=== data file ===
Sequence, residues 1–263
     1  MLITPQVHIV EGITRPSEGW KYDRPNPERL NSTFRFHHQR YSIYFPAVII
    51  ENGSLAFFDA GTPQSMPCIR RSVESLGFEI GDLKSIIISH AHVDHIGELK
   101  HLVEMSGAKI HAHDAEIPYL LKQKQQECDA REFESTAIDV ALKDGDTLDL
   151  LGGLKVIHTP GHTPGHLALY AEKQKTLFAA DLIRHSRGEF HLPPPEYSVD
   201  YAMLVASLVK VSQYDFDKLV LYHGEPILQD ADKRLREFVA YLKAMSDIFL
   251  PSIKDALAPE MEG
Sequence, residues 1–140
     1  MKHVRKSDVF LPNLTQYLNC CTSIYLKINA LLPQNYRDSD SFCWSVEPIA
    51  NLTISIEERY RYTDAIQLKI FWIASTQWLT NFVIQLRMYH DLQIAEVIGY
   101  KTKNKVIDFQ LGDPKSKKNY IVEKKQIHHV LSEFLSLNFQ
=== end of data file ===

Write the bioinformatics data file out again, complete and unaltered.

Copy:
Sequence, residues 1–263
     1  MLITPQVHIV EGITRPSEGW KYDRPNPERL NSTFRFHHQR YSIYFPAVII
    51  ENGSLAFFDA GTPQSMPCIR RSVESLGFEI GDLKSIIISH AHVDHIGELK
   101  HLVEMSGAKI HAHDAEIPYL LKQKQQECDA REFESTAIDV ALKDGDTLDL
   151  LGGLKVIHTP GHTPGHLALY AEKQKTLFAA DLIRHSRGEF HLPPPEYSVD
   201  YAMLVASLVK VSQYDFDKLV LYHGEPILQD ADKRLREFVA YLKAMSDIFL
   251  PSIKDALAPE MEG
Sequence, residues 1–140
     1  MKHVRKSDVF LPNLTQYLNC CTSIYLKINA LLPQNYRDSD SFCWSVEPIA
    51  NLTISIEERY RYTDAIQLKI FWIASTQWLT NFVIQLRMYH DLQIAEVIGY
   101  KTKNKVIDFQ LGDPKSKKNY IVEKKQIHHV LSEFLSLNFQ